Here are the lines released by Atlantis Casino sports book director Steve Mikkelson as well as my personal take on each team. Consider this my abbreviated preseason preview:
Detroit Tigers: 90 wins: Over
Detroit disappointed with "just" 88 wins last year, but full seasons from Anibal Sanchez, Victor Martinez, and Torii Hunter (assuming the later doesn't fall off a cliff at age 37) should push this team over the top.
Los Angeles Dodgers: 90 wins: Over
The Dodgers have baseball's largest payroll after stockpiling an insane amount of talent. GM Ned Coletti has assembled a super team of sorts; Carl Crawford, Matt Kemp and Andre Ethier patrolling the outfield, Hanley Ramirez and Adrian Gonzalez in the infield, and a starting rotation headed by a pair of former Cy Young winners in Zack Greinke and Clayton Kershaw.
Washington Nationals: 90 wins: Over
Winners of 98 games last year, the Nats more or less held their ground this winter. Dan Haren's going to have a big bounce back year, and Rafael Soriano makes a great bullpen even better. Bryce Harper is a superstar in the making.
Los Angeles Angels: 89½ wins: Over
The Halos were the best team in baseball after calling up Mike Trout last year.
Cincinnati Reds: 88½ wins: Over
The Reds remain the team to beat in the NL Central, especially if they get a full season from Joey Votto.
Texas Rangers: 87 wins: Under
That lineup looks a lot less imposing without Josh Hamilton, Mike Napoli, and Michael Young.
Toronto Blue Jays: 86½ wins: Over
The Jaybirds look like World Series favorites (on paper, at least) after completing two blockbuster trades to bring in Mark Buehrle, Jose Reyes, Josh Johnson, and reigning NL Cy Young winner R.A. Dickey. Don't underestimate a clean Melky Cabrera, either.
New York Yankees: 86½ wins: Over
They may be old and banged up, but they're still the Yankees, meaning that they always find a way to win. Excluding the strike-shortened 1994-'95 seasons, New York hasn't won fewer than 87 games since 1992.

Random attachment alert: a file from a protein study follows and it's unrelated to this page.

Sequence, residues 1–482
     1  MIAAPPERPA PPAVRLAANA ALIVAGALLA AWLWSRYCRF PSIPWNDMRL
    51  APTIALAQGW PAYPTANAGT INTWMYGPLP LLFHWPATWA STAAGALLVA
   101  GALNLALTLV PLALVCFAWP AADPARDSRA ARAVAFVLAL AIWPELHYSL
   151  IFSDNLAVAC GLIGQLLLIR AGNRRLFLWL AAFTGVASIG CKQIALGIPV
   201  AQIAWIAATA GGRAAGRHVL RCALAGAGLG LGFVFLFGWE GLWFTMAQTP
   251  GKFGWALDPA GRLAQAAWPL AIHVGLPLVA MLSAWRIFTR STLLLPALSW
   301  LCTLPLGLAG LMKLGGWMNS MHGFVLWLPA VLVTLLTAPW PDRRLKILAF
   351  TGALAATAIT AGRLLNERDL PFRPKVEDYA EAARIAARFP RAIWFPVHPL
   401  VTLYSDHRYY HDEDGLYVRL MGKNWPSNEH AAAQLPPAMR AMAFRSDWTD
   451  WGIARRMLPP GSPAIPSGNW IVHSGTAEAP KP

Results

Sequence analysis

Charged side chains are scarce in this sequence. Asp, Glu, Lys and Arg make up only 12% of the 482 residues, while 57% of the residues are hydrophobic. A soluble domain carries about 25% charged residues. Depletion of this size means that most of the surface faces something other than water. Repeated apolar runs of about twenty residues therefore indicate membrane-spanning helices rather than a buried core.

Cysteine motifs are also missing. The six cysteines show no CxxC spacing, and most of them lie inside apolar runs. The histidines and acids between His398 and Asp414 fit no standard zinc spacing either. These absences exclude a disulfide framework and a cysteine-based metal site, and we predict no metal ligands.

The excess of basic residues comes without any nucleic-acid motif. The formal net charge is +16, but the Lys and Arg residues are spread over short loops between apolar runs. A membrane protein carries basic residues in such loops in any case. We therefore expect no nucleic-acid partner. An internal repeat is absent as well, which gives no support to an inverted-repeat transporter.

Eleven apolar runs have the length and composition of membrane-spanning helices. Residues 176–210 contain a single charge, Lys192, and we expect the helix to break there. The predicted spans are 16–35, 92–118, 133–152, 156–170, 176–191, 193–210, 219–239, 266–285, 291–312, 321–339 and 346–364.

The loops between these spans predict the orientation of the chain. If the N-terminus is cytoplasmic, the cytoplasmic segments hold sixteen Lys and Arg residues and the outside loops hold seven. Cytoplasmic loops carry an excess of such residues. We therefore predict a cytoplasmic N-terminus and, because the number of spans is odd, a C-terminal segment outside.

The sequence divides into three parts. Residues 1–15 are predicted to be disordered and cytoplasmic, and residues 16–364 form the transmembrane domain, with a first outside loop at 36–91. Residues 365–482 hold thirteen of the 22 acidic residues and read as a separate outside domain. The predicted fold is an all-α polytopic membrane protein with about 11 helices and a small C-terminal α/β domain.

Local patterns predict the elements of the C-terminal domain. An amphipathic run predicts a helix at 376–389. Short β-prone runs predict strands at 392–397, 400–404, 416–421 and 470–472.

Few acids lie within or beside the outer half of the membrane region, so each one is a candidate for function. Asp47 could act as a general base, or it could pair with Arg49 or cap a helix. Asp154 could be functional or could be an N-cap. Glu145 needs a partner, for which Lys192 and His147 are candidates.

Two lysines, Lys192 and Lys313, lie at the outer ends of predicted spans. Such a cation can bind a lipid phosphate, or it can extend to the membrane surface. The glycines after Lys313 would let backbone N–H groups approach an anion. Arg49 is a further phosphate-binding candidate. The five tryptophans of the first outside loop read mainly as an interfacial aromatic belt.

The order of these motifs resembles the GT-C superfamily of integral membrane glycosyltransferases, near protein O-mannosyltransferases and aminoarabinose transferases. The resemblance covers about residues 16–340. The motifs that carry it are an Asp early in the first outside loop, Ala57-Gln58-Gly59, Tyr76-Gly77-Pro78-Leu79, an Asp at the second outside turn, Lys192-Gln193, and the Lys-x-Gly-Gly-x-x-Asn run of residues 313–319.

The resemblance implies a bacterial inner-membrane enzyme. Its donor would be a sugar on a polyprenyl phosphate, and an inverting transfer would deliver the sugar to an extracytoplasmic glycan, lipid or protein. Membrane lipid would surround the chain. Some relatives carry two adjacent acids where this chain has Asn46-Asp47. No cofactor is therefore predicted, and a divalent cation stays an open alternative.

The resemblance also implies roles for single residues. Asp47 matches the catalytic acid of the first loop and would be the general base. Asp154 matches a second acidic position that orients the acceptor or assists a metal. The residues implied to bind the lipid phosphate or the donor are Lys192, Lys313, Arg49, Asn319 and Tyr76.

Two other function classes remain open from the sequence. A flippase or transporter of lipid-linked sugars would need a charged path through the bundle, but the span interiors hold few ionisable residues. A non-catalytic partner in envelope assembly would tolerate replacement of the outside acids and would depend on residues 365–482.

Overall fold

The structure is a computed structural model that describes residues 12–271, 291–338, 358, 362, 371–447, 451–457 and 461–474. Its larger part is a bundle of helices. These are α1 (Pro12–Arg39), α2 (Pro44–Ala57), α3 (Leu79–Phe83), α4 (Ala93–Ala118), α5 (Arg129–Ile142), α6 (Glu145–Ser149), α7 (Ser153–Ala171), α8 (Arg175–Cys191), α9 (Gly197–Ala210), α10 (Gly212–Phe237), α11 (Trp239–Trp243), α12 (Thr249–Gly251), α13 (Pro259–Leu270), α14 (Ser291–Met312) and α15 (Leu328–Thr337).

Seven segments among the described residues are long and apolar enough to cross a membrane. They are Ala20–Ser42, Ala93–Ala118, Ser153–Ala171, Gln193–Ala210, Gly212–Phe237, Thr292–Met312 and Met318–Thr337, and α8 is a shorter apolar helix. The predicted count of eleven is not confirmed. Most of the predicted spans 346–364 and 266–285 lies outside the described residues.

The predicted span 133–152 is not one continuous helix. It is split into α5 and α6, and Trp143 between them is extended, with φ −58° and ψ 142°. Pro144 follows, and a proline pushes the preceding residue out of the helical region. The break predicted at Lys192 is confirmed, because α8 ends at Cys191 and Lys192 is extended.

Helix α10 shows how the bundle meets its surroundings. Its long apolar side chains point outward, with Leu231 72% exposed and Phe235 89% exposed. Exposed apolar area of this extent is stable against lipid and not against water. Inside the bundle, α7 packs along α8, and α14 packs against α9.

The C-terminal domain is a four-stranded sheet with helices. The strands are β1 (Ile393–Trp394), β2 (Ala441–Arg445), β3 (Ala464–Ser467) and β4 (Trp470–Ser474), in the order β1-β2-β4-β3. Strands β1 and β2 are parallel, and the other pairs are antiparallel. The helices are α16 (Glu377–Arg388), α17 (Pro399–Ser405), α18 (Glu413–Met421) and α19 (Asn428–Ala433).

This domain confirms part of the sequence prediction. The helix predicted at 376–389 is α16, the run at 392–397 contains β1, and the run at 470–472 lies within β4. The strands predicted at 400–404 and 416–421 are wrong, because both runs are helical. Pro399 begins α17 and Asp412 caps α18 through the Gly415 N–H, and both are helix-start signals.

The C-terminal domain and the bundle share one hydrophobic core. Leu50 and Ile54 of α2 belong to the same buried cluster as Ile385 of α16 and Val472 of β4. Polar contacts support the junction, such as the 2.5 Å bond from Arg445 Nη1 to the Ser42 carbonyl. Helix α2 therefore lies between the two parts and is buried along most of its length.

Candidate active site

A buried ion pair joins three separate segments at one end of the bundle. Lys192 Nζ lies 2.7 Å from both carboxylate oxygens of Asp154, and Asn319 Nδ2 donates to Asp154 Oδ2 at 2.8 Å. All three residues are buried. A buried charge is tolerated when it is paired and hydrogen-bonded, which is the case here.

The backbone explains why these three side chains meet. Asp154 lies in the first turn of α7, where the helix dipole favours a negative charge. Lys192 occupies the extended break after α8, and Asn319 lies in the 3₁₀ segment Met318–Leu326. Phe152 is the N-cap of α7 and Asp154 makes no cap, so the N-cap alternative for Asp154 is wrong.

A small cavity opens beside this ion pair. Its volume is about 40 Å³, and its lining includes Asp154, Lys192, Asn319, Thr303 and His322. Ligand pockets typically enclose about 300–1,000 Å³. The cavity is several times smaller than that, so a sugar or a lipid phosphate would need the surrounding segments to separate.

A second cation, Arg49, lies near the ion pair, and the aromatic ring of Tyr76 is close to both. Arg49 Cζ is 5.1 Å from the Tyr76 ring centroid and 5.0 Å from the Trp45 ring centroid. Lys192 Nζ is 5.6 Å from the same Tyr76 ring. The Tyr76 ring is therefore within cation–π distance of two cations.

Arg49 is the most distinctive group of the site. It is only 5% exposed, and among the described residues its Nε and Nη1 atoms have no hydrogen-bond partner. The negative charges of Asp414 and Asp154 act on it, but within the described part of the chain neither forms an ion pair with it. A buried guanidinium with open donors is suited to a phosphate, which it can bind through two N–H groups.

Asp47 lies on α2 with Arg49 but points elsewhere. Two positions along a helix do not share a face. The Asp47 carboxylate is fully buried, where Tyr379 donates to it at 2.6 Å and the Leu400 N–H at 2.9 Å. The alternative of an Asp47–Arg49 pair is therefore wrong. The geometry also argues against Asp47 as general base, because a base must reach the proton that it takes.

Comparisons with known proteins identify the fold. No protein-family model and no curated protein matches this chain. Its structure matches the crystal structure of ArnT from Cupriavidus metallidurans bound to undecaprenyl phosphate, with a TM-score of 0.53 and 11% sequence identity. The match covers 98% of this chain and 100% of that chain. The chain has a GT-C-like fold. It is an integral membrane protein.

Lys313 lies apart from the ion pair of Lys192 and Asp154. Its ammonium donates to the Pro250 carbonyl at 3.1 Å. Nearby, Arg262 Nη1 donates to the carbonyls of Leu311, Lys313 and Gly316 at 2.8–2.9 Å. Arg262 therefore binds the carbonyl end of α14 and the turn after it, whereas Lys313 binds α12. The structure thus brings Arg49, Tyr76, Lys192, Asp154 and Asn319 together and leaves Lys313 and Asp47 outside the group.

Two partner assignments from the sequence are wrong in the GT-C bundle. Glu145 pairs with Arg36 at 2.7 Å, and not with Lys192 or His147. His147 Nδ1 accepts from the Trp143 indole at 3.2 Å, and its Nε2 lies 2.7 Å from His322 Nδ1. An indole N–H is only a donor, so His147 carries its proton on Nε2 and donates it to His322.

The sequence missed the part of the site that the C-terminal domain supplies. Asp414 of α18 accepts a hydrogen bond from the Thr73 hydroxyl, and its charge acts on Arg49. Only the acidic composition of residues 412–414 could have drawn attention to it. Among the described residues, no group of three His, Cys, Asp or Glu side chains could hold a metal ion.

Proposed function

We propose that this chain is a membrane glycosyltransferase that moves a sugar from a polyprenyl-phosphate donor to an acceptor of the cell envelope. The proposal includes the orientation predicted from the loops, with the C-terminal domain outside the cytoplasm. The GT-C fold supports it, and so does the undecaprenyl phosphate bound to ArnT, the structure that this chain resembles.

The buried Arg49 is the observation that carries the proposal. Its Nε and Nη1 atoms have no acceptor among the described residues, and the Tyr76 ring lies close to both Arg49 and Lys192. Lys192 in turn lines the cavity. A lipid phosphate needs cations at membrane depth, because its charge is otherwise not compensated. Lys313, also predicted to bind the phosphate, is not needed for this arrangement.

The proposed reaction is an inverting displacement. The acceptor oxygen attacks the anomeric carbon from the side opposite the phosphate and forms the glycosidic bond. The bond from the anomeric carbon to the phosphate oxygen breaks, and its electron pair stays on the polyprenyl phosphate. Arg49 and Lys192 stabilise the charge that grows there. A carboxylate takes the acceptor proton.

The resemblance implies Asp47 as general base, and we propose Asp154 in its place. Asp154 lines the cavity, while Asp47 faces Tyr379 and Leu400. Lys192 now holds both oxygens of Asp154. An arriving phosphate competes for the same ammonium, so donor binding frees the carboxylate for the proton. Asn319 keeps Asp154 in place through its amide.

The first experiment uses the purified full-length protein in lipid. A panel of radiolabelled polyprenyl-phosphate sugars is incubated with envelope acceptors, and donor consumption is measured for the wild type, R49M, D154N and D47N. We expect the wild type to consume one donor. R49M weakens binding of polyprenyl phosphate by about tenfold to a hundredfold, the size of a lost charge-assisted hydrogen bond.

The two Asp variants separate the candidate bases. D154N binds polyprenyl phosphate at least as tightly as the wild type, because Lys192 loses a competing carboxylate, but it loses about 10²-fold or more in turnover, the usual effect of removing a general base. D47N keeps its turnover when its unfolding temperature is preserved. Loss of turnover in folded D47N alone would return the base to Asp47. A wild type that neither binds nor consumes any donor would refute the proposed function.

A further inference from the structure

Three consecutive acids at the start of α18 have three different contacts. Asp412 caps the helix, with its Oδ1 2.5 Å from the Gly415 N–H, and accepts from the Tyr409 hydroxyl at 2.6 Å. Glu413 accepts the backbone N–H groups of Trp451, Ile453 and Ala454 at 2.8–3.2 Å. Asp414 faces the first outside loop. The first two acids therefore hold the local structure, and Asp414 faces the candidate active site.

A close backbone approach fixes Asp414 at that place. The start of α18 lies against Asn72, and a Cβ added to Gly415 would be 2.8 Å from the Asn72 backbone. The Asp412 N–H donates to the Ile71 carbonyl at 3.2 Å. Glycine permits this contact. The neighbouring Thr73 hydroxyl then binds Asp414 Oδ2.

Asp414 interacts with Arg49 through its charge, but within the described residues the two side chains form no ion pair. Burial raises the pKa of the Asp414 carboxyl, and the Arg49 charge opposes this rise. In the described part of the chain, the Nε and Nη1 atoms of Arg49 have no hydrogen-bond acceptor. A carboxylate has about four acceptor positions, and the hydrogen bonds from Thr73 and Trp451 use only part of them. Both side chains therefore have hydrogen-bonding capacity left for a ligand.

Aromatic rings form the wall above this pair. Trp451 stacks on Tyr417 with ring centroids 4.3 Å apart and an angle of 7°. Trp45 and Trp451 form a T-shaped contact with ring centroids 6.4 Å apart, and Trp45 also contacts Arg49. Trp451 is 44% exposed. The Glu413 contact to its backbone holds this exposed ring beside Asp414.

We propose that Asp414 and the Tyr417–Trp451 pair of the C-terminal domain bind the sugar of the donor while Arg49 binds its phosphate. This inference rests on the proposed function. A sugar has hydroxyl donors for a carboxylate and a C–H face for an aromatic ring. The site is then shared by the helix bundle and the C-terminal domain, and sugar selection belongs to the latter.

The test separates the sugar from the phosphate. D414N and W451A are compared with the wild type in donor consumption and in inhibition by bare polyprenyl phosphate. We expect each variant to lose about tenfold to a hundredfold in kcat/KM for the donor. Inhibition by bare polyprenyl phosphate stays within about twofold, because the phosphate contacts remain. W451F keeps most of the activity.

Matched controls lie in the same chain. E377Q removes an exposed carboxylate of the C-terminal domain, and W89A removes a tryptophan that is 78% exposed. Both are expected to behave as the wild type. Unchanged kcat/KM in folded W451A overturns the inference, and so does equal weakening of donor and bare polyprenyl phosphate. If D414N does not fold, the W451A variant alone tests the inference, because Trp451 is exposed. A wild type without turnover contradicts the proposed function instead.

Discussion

San Francisco Giants: 86 wins: Over
Even if Tim Lincecum's days as an elite hurler are behind him (and I don't think they are), the defending World Series champs still have more than enough starting pitching with Matt Cain, Ryan Vogelsong, and the ever-improving Madison Bumgarner. Their offense is nothing to write home about, but they'll put runs on the board so long as Pablo Sandoval, Hunter Pence, and reigning NL MVP Buster Posey perform up to their standards.
Atlanta Braves: 86 wins: Over
Atlanta added B.J. Upton and Justin Upton, two former first overall draft picks who desperately needed fresh starts. Both could be primed for career years.
Tampa Bay Rays: 86 wins: Under
The Wil Myers for James Shields trade will pay big dividends in the future, but not in 2013.
St. Louis Cardinals: 85½ wins: Over
Their Pythagorean W-L says they should have won 93 games last year and their lineup is stacked from top to bottom.
Oakland Athletics: 83 wins: Under
As fun as last season was, I think the A's caught lightning in a bottle. A host of solid players (Brandon McCarthy, Dallas Braden, Jonny Gomes, Stephen Drew) left Oakland, the infield is a mess, and the offense is too dependent on Yoenis Cespedes and Josh Reddick, each of whom has exactly one good season under his belt.